Esmeraldas, Ecuador

This beach destination also has a rich history

Clouds over Tropical Beach
••• Clouds over Tropical Beach. ClipArt.com

There are varying reports about Ecuador's northwestern province of Esmeraldas and its coastal cities. Some sources warn visitors away from the port of Esmeraldas, citing dirty beaches, pollution and a high crime rate.

Others highly recommend using Esmeraldas as a gateway to the beaches and coastal resorts.

Named Esmeraldas by the Spanish explorers who found the local natives bedecked with emeralds, this area of Ecuador is lush.

Rainforests, tropical vegetation and mangrove forests, together with rivers and dense foliage make this province green in color and in conservation efforts.

Until a few decades ago, the area around Esmeraldas, in the province of Esmeraldas was accessible only by sea. The only inhabitants for centuries were of the Tumaco/La Tolita culture that spread over the modern borders of Colombia and northern Ecuador.

After slaves were brought to the New World to work the growing sugar plantations, the mines and other efforts. Some of them escaped shipwrecks and swam ashore on the Esmeraldas coast. They overcame, first by violence, then by breeding, the local cultures, and created the "Republic of Blacks" which became the haven for escaping slaves from other Ecuadorian provinces and South American viceroyalties and countries.

Isolated for so many years, the black and indigenous cultures interwove and created a culture that remains vibrant today.

With the coming of roads, the development of the port and the establishment of Esmeraldas as the site of Ecuador's largest oil refinery for the Trans-Ecuador pipeline bringing oil from the Amazon, the city of Esmeraldas has become a large commercial and tourism center. At the same time, ecologically concerned citizens have created wildlife reserves and mangrove conservation groups.

Cruise ships call in at Esmeraldas. Some offer on-shore excursions to Quito, 116 miles (185 km) to the southeast, Cuenca or Chan Chan, but many of the passengers prefer to spend the day sightseeing locally.

Getting There

By air:

  • Daily TAME flights to and from Quito use the airport By land:
  • Bus service connects the coastal cities as well as inland cities.
  • Taxi service between Esmeraldas and Quito is fast and relatively inexpensive. By water:
  • Esmeraldas is a commercial port and a port-of-call for several cruise ships who offer sidetrips to Quito and Cuenca
  • Small boat and/or ferry service between the coastal communities When to Go

     

  • There's no "perfect time" for coastal Ecuador. The north coast is hot and wet with tropical rainstorms, which may close local roads, from December to June. It's cloudy and humid from June to September and drier and cooler from October to December.
  • Mosquitos and malaria like the wet months, so make sure you have plenty of good sunscreen and antimalarial medications.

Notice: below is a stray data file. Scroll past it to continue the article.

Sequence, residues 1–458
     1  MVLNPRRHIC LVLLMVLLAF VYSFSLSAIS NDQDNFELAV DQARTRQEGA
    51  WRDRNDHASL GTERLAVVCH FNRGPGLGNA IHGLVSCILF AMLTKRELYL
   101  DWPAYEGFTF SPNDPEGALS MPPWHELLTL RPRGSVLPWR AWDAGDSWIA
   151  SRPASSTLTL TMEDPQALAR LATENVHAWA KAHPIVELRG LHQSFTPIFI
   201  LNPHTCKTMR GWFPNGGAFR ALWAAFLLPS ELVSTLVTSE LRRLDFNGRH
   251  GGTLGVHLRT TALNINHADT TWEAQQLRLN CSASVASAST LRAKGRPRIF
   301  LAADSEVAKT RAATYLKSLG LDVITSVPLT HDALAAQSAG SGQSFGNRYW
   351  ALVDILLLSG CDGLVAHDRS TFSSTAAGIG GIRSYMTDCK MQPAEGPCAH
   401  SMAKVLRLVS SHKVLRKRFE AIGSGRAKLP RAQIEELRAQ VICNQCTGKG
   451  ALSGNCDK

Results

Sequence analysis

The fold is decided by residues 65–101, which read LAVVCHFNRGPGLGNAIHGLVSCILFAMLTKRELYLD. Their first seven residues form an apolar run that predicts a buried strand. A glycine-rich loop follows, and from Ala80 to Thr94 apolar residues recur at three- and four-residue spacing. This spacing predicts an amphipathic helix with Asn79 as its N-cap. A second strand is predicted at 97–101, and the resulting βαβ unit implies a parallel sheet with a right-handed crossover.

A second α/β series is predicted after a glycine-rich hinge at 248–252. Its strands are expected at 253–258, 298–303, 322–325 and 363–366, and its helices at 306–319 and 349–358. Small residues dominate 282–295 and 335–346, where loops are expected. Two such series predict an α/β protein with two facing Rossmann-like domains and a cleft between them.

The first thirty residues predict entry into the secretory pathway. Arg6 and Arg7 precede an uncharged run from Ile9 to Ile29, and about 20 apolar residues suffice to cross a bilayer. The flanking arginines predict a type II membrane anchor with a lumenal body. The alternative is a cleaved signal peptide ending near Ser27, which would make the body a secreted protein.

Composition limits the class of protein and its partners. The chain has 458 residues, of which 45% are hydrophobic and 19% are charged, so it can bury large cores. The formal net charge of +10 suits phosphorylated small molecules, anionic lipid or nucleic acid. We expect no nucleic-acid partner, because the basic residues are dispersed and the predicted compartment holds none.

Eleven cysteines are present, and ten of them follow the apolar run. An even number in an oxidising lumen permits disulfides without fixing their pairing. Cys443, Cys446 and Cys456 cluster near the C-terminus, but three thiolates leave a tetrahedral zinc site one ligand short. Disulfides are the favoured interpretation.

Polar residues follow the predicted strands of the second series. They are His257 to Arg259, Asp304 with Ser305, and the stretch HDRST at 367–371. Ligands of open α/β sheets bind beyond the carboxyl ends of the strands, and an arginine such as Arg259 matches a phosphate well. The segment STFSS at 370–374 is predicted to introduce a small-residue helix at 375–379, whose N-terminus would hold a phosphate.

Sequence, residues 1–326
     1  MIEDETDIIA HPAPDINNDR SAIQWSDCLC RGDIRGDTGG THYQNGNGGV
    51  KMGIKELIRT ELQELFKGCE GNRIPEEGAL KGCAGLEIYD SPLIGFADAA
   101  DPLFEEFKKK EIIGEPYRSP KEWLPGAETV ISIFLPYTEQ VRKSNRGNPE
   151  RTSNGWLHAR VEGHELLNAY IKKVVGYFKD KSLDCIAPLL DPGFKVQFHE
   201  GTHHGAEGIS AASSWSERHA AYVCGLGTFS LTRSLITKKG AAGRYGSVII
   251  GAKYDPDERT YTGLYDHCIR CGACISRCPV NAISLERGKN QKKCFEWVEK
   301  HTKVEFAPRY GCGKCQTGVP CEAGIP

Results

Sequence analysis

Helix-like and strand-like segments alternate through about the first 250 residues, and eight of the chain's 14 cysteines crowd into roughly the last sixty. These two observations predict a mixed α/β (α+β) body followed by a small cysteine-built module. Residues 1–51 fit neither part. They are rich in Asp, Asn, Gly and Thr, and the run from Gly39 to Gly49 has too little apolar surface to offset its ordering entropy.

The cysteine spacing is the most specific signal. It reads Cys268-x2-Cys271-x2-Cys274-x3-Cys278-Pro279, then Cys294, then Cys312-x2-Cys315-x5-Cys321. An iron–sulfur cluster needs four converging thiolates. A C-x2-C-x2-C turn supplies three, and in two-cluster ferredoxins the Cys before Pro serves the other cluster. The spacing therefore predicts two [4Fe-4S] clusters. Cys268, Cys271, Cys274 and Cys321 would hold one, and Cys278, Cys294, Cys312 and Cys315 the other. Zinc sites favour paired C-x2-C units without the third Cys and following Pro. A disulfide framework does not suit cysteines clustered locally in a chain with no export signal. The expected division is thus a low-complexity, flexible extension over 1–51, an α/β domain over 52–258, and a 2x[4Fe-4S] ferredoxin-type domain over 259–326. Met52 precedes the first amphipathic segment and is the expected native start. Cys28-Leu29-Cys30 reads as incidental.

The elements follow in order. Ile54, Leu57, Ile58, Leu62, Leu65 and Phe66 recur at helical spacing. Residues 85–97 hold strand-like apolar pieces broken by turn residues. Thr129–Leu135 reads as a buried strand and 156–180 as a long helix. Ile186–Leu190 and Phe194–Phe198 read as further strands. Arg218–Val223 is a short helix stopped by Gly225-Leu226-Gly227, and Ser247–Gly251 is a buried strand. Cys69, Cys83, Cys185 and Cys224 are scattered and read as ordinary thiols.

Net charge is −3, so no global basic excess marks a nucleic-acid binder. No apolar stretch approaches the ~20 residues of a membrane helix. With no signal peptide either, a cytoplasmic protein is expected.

• The best time for Esmeraldas city is in early August for the independence celebrations when day and night revelry includes the marimba bands whose music is based on ancestral African music and dance.

    Shopping Tips

    Though Carludovica Palmata, the palm-like bush that provides the material for Panama hats grows in the neigboring province of Manabí, you can buy the hats anywhere along the coast. Food and Drink

    Seafood and tropical fruits are a staple along the coast. Be sure to try:

    • Encocado de Pescado - fish prepared with coconut juice
    • Tapao - wheat with fish and banana
    • Arroz con Menestra, Camarón, y patacones - rice with lentils, shrimp and pressed green fried banana
    • Ceviches - made with fish
    • Empanadas and bolones de verde- balls made of green banana, that usually have some stuffing inside
    • Cocada - sweet made of coconut, peanut and brown sugar.
    • Aguardiente de Caña - sugar cane liquor)
    • Coco con Aguardiente - coconut juice with liquor

     

    Things to Do and See in Esmeraldas Province

    • Manglares Mataje - Cayapas Ecological Reserve contains 55,000 hectares of untouched mangrove forests, uninhabited beaches, and abundant fauna, and offers excellent bird watching opportunities
    • Ocean kayaking
    • Warm water and sea breezes make for crowded beaches when the weather is hot and humid. Some of the more popular ones:
      • South of Esmeraldas, Atacames is wildly popular with beach bars, discos, waterfront hotels and restaurants. Be careful with the powerful undertow. photos
      • Sua is a fishing village with pretty beaches and a quieter atmosphere
      • Upscale Same, twelve miles from Esmeraldas, has clean white sand beaches, palm trees, a beautiful bay with a gentle surf. The Casa Blanca beach resort, offers a Jack Nicklaus golf course, tennis courts, swimming pools, and a marina. Take one of the "ecological taxis" - a three wheeled pedicab.
      • South of Same, the island of Muisne has a beyond the back-roads feel with nice beaches and a relaxed atmosphere
      • San Lorenzo, the largest town north of Esmeraldas, is very popular for the bay and nautical events
      • San Vicente is a resort village with nice beaches
    • The annual May Marimba festival in San Lorenzo is three music and dancing filled days.
    • The August Fiestas of San Lorenzo is devoted to salsa, in which locals and orchestras from neigboring Colombia play late into the night.
    • Birding in the Cotacachi-Cayapas Ecological Reserve in the Chocó Rainforest
    • Note: It's best to avoid the small villages of Borbón and Limones, also known as Valdéz, for the crime rate and high malarial risk.

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